Clearly the density of the odd and the even integers among all the integers are both exactly 1/2 so that the total density of the integers is 1.  Similarly, the sum of the densities of 0,  1,  and 2,  each exactly 1/3,  is 1.  Were we to sum the densities of two sets of integers.  e.g. 0 (density 1/2) and 1 (density 1/4),  we would learn that 3/4 of the integers were accounted for between them and that another 1/4 were missing.   This simple addition of fractional densities is dependent on the sets whose densities being added are mutually disjoint.  This is true for all the elements of all the l.d.a.s.,  but some of those distinct sets are actually subsets of others, so care must be taken to remove duplication from that source.

We need to sum the densities of the odd positive integers resulting from a large number of sets characterized as dn+c,  i.e. integers in {c[d]}.  We will start the ranges over which the densities are measured at 1,  in consideration of 1 being its own predecessor at the root of the predecessor graph.  The integer 1 is counted only once in that one of the l.d.a.s headed by the set of extensions  {1, 5, 21, 85, ...}.

An arbitrary selection of the interval in which the densities are calculated might lead to inaccuracies because at the end of an arbitrary interval,  some sets' entries will have appeared and others' will not have appeared.   However,  at the end of each interval of length d,  at 0[d], the densities of the odd integers are accurately 2/d.   The set densities produced from any two d's will be accurately determined at 0[d*d'].   The sets arising from a large number of d's will be accurately determined at 0[(d*d'*d"*d'"...].   By considering integers out to the productof the d's,  we can ensure that the summed densities will not suffer from inaccuracy.

It developed that a table of cardinalities of the appearance of sets with a given  (a,b)  value in sets represented as c[2a*3b]  had properties which enabled a closed infinite summation resulting in exactly the total density required for all the odd integers.  Thus, using densities as the metric, we have managed to calculate the important property exhibited by the infinite set of infinite sets.

### Another of Infinity's Tricks

Cantor's famous work involves iteratively taking away the central third of the interval between zero and one and then the central third of the two outer thirds,  and so on.  He then sums 1/3 + 2/9 + 4/27 + 8/81 + ...  (which sums to 1).  This is reminiscent of one of my summations, i.e.  that of the arrival of  l.d.a.s at leaf nodes in the abstract predecessor tree.   I claim that this indicates that all integers do appear in the abstract tree.  But Cantor was able to show that numbers remain in his interval,  in apparent contradiction to common intuition and to my hopeful claim.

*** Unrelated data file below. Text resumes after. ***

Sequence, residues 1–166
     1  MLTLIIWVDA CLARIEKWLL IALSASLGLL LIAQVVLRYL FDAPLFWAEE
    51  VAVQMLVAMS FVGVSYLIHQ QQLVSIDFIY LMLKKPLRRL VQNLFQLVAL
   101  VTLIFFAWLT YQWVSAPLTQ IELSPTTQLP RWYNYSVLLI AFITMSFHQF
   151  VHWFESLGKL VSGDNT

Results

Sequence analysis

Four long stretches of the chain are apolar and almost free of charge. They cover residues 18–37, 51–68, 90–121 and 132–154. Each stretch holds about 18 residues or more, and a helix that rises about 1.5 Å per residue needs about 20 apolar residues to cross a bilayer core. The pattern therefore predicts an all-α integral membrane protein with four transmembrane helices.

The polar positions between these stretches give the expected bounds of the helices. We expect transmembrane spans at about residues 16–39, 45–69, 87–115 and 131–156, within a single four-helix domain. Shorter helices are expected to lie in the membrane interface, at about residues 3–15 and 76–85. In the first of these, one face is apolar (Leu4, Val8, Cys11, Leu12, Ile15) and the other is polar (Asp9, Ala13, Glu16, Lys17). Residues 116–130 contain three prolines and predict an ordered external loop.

The difference is in our basis sets.   Cantor's includes the real numbers as well as the rational,  whereas mine is restricted to the positive odd integers.   So when Cantor takes out an interval,  he leaves "dust",  but when I take out 1/3 of the integers,  only integers are left,  and there are no real numbers ever involved to survive as "dust".   Therefore,  I do not believe this example of an infinite summation giving unity without including all the items in the set is applicable to my work.

Similar observations apply with respect to the mathematical term "measure" which applies to sets of numbers which are mostly continuous, but contain some discontinuities.   The discussion involves taking limits on both sides of the discontinuities, an activity which clearly does not apply to sets of integers.   We must not be dismayed,   therefore,   when a mathematician tells us he knows of sets whose measure is zero yet contain an infinite number of points,   implying that when I find that the sum of the density of integers represented in the l.d.a.s is 1,   that the residual set   (metric zero,   of course)   may still be infinite.   That whole argument overlooks the fact that the Collatz process visits only integers.